Friar talks to Josef's nephew

Br. Tim Sucher chats with Joe Baillie, Josef’s nephew. Photo by Eileen Connelly, OSU

“Josef also loved our walks outside and he would point out all the wildflowers. That went back to his time working in a greenhouse and as a florist,” Michelle added. “He really did love singing and dancing and always had a big smile when I played the accordion.”

His fellow friars also shared their memories of Br. Josef, including Fr. Fred Link, who recalled a pilgrimage they made together to the Holy Land. On the Sea of Galilee, their boat stopped, dropped anchor and they heard the Gospel proclaimed. “That touched Josef immensely,” Fr. Fred said.

Later, he added, they visited the Church of Dominus Flevit, where Jesus wept over the future fate of Jerusalem. “Josef broke into sobs,” Fr. Fred recalled, “and when he could speak again, he said, ‘I don’t know what came over me.’ That says something about his heart. He was able to open his heart to Jesus in a way that moved him to tears.”

“I remember meeting Josef when he had just made simple vows,” Fr. Mark said during his homily. “He was sent to St. Mary Magdalene Friary in Chicago for a tumultuous year of formation as simply professed. During those few months of living together, I found Josef to be full of humor, a jokester at times, who enjoyed pointing out the obvious

Friar reads the petitions at the funeral Mass

Br. Brian Maloney, confrere and friend of Br. Josef, reads the petitions. Photo by Eileen Connelly, OSU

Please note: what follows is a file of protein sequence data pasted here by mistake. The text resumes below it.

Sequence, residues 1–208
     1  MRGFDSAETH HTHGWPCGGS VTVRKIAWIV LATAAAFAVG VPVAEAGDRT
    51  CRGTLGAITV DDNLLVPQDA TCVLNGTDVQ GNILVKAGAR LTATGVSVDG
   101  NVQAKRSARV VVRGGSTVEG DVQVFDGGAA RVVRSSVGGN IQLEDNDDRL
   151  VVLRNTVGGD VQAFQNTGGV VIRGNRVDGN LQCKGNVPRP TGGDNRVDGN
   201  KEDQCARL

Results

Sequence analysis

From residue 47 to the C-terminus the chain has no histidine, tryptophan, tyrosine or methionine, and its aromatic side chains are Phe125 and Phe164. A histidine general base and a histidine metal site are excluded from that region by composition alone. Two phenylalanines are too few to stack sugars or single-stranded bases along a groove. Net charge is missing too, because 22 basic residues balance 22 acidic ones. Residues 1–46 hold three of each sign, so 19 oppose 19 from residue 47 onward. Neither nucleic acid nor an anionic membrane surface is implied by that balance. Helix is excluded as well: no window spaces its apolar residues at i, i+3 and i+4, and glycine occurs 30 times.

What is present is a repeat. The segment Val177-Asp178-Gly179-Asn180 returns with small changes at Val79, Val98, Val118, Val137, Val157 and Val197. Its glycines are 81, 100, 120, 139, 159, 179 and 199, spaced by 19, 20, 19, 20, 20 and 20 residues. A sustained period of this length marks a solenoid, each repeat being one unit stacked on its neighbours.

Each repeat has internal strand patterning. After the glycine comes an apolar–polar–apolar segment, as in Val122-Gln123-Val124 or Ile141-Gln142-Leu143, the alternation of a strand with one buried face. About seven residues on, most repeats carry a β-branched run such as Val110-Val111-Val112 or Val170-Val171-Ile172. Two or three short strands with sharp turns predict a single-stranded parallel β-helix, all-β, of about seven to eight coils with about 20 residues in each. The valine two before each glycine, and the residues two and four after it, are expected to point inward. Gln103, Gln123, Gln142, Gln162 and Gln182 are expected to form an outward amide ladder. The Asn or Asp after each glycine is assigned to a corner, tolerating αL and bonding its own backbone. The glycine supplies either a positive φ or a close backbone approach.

incongruities in our way of life. He was known to do some kind of German jig, wearing some of the attire you might find in the German Alps. He was a contrarian, an onery guy, someone who could make us laugh.”

“He also loved to decorate with flowers,” Fr. Mark added. “Whenever we had a festive occasion, our tables were graced with some floral display. It made that dinner and those that followed, special, memorable. It brought grace to an otherwise boisterous, loud, dull group of dudes who were transformed into more civilized gentlemen. Josef had ways of making a house, a friary, into a home.”

In words of comfort to those mourning the loss of Josef, Fr. Mark said, “God is rejoicing over this brother who made the house of God a home for many people. And God is making a home for him today.”

Br. Tim Sucher, current guardian at SFS Friary, recalled the challenge, and some deception, involved with moving Br. Josef to a new home—St. John the Baptist Friary—when the time came that he needed additional care. “My job was

Friars at Mass of Christian Burial

Friars, along with Br. Josef’s nephew, Joe, bring his casket into church. Photo by Eileen Connelly, OSU

to get him there and it was best not to tell him why,” Br. Tim explained, noting that Br. Josef’s belongings were packed up during Mass and taken to the friary before he arrived. Br. Josef was greeted by Michelle, and Fr. John Bok, who was serving as guardian at the time, and received a tour of what would be his new home. As Br. Tim and Br. Josef stood in the friary courtyard, Br. Josef said, “I’m not mad at you. If I had known what you were planning, I probably would have had a good hissy fit.”

SJB Friary truly became a home for Br. Josef, as it is for all the friars who reside there, thanks to the compassion of Michelle and her staff. Joe passed on a touching story of his sister, Kathy, and sister-in-law, Joanie’s, visit with Br. Josef in March, shortly before he passed away: “Joanie shared a moment from their visit to Cincinnati as they were packing up at the hotel. The friary nurse called and put Uncle Joe on speaker so they could say goodbye. In a bright and lucid moment, Uncle Joe said, ‘Are you girls behaving?’ His last words to them (were) a profession of love.”